H5N1 bird flu virus reaches Poland
Sunday, March 5, 2006
Two cases of the deadly H5N1 avian influenza virus have been confirmed in Polish birds. The H5N1 strain of bird flu has already been found responsible for the deaths of over 93 humans in the entire world. Some scientists fear it may be starting to establish a foothold in Eastern and Central Europe.
There have been isolated cases of H5N1 transmission from birds to humans, raising fears among the international scientific community that the virus will combine with a human influenza virus, mutating in such a way that it could transfer readily from human to human. A global pandemic, similar to the Spanish influenza outbreak of 1918, could result.
The two cases in Poland were discovered in the northern town of Toruń, famous as the birthplace of Nicolaus Copernicus. Two swans have been confirmed to have been carriers of the virus. Samples from the subjects have been sent to the European Union (EU) laboratories in Weybridge, England, but initial assessments have been seen as highly reliable. "Yes, we have confirmed that it is definitely H5N1," said Jan Zmudzinski, director of Poland's national laboratory, in the town of Pulawy. A hygiene-security zone protected by police has been established, extending up to several hundred metres from the spot on the river bank of the Vistula river where the swans were found.
Boud, a resident of Toruń, told Wikinews that he has observed authorities putting precautionary measures in place to attempt to slow the spread of bird flu. He said that during March 6 and 7 he observed:
- The establishment of an "inner zone" next to the Vistula river which has been cordoned off by police. No cars or non-residents are allowed to enter this area, which includes Philadelphia Boulevard ("Bulwar Filadelfijski"). Normally the riverbank is a popular place for casual walks and exercising dogs.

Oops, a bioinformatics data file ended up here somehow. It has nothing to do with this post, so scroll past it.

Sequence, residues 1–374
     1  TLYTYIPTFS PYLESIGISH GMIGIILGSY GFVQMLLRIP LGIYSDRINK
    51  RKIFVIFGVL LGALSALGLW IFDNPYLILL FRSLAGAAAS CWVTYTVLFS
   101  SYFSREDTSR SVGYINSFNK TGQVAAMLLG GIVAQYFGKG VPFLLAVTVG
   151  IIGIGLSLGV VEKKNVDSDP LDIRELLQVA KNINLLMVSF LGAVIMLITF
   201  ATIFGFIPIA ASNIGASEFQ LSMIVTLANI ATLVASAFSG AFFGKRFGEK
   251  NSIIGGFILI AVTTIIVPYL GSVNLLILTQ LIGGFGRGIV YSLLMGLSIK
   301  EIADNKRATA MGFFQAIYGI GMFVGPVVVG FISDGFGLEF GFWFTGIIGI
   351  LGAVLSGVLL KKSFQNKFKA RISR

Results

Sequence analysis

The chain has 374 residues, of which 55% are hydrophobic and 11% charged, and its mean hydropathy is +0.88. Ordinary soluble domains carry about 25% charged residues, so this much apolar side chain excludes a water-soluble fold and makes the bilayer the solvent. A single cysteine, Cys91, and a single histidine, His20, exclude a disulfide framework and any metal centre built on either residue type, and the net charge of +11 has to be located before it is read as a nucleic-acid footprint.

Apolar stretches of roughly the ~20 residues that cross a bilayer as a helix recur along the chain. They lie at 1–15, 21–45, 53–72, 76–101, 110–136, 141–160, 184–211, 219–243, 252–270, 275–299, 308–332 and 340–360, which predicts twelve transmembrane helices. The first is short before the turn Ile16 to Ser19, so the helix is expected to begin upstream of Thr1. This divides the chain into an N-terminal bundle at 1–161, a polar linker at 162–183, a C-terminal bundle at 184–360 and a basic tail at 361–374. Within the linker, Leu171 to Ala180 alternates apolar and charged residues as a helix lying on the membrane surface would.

- The establishment of an "outer zone" including the entire town centre.
- Placement of special disinfection mats for people to walk over in the main intercity bus station ("PKS") in Toruń. The station is an entry and exit point to and from the outer zone.
- Placement of signs around the town instructing people that the feeding of birds is strictly prohibited.
- Placement of warning signs about infection risks under storks' nests in villages near Toruń.
- Authorities prohibiting transport of animals into or out from the quarantined zones.
- Disinfection "sand mats" on main roads out of Toruń, that vehicles must necessarily pass over to disinfect their tires.
The World Health Organisation held a three-day emergency meeting in Geneva, Switzerland, to discuss plans to deal with the virus, and also to revisit contingency plans for the possibility of a future pandemic. With the discovery of H5N1 in Poland, fears of a pandemic have increased in the scientific community. "Events in recent weeks justify that concern," said Margaret Chan, special advisor to the WHO on avian influenza.
While bird flu has not affected Europe's agricultural output as much as it has that of Southeast Asia, there have been some serious economic consequences of the recent bird flu outbreaks on the continent. France has been forced to increase its subsidies to poultry farmers, spending over 52 million euros ($63 million USD) in aid. Over thirty bird cases have been confirmed in France, while Germany is currently investigating a possible case in a cat.
- AFP. "H5N1 bird flu reaches Poland, experts fear pandemic" — , March 6, 2006
- "Poland confirms H5N1 in wild swans" — , March 6, 2006
- "Poland confirms first case of deadly H5N1 virus" — , March 6, 2006}
- AP. "Avian Flu Found in a German Cat" — , March 1, 2006
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